Let your candidate do most of the talking and listen carefully. We’re all excited about presenting a fine career opportunity, but too often, we talk too much and listen too little. Ask open-ended questions (those that can’t be answered with a “yes” or a “no”), and give each applicant ample time to respond. You should also give your candidate the opportunity to ask questions of you. Having a meaningful two-way conversation places your interviewee at ease and lets him know that you’re genuinely interested in him as a candidate for employment.
To get the information you’ll need to make the right employment decision, try this technique: start from the beginning of the candidate's work history and work your way through to his current job. Go through each position held and ask the same set of questions:
First, how did you find this position?
Most people find their first career opportunity on a job board or through an employment advertisement, but a candidate who continually goes to the web to find successive jobs probably hasn't decided what he wants to do, and where he wants to do it.
Next, what did you like/dislike about this job?
Ensure that the interviewee describes fully the reason he accepted the role – and for more specific reasons than "it was a great opportunity," or "it was the next logical step in my career." Probe deeply and ask follow up questions.
Finally, why did you leave?
Sometimes, people leave for a better career opportunity. Sometimes they leave for higher salaries and better benefits. More often, however, they leave because they simply didn’t fit within their organisation’s culture.
When that’s the case, continue to pose the same three questions. This will encourage your candidate to remain calm, open, and candid. If you follow the process, many applicants will describe issues with management, disagreements with colleagues, or objections to taking on difficult work assignments - issues they might not otherwise share with you.
The silence is deafening
Silence can be used to your advantage in the conduct of an interview. When used properly, it places significant pressure on your candidate to respond. The best time to use it is after you’ve asked a question. But don’t use silence as a way to add undue stress. Use it to solicit important information and to make assessments of your candidate’s reactions.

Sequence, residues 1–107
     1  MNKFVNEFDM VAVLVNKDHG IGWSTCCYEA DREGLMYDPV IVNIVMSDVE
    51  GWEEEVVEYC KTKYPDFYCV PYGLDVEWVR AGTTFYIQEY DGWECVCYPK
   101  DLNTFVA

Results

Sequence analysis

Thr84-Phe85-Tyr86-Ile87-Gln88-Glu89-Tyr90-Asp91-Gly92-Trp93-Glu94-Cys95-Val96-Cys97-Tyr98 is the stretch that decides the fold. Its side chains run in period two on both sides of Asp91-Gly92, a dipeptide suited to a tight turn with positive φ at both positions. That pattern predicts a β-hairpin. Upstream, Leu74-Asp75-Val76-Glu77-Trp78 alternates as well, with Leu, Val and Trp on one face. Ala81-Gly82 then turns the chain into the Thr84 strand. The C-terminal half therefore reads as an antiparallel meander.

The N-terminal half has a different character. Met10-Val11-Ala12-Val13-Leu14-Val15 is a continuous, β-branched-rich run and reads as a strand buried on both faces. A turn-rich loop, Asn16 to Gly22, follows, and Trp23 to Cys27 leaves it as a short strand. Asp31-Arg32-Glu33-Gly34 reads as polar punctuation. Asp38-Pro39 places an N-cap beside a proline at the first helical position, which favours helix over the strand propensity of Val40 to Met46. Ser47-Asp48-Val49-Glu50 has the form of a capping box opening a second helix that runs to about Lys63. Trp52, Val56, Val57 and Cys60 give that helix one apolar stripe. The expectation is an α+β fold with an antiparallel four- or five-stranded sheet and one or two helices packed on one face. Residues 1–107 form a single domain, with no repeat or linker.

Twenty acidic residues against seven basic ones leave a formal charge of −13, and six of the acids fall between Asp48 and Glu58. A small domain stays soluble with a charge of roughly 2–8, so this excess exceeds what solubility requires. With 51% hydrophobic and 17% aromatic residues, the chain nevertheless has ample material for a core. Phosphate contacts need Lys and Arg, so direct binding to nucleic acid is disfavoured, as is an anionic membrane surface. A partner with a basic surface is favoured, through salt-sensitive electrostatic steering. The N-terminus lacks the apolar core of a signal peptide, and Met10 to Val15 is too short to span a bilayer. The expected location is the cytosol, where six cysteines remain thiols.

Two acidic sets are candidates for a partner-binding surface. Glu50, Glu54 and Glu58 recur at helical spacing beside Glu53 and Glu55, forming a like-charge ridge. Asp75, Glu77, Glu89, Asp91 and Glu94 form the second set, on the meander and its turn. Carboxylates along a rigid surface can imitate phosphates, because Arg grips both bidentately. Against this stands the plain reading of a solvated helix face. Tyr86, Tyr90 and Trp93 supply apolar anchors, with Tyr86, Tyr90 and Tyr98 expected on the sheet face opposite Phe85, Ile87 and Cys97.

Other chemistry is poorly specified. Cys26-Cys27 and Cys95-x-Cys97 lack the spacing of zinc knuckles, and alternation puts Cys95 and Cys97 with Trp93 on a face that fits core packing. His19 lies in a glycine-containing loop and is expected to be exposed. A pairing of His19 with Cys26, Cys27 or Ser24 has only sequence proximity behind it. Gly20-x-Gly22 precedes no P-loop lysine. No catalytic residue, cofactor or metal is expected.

Take some brief notes and follow up on each of the things that concern you
If you’re looking for revealing responses, you’re going to have to ask follow-up questions. Listen to your candidate’s initial response, then ask why, when, how, who did what, or what did you learn from that experience? Follow-up questions, when skillfully posed, allow you to dive deeply into the candidate’s background. And it’s in those gritty details that you’ll likely find your top candidate(s). Remember that 'A' players love the challenge of responding to tough questions, so don’t hesitate to pose them.
At the close of each interview, always describe the next steps in the recruitment process.
Compile your candidate list
If no one in the candidate pool is a proper fit for your open position, you'll need to keep on looking. Stop thinking about selecting the best of the applicants forwarded to you for interview, and start focusing your efforts on finding and selecting the best of the best.
If so, give yourself one more opportunity to be absolutely sure that you're making the right choice by scheduling a follow up interview. Don't be afraid to let your intuition influence your decision. Your past experience is very important, so don't hesitate to use it.
Perform a thorough reference check
At Binary.com, candidates are asked not only to provide the names and contact details of their former manager(s), but to arrange the background checks as well. You can also contact people in the candidate's network; chances are you know someone who knows the candidate and can speak to his qualifications.
When you’ve made your decision and extended an offer, you’re done!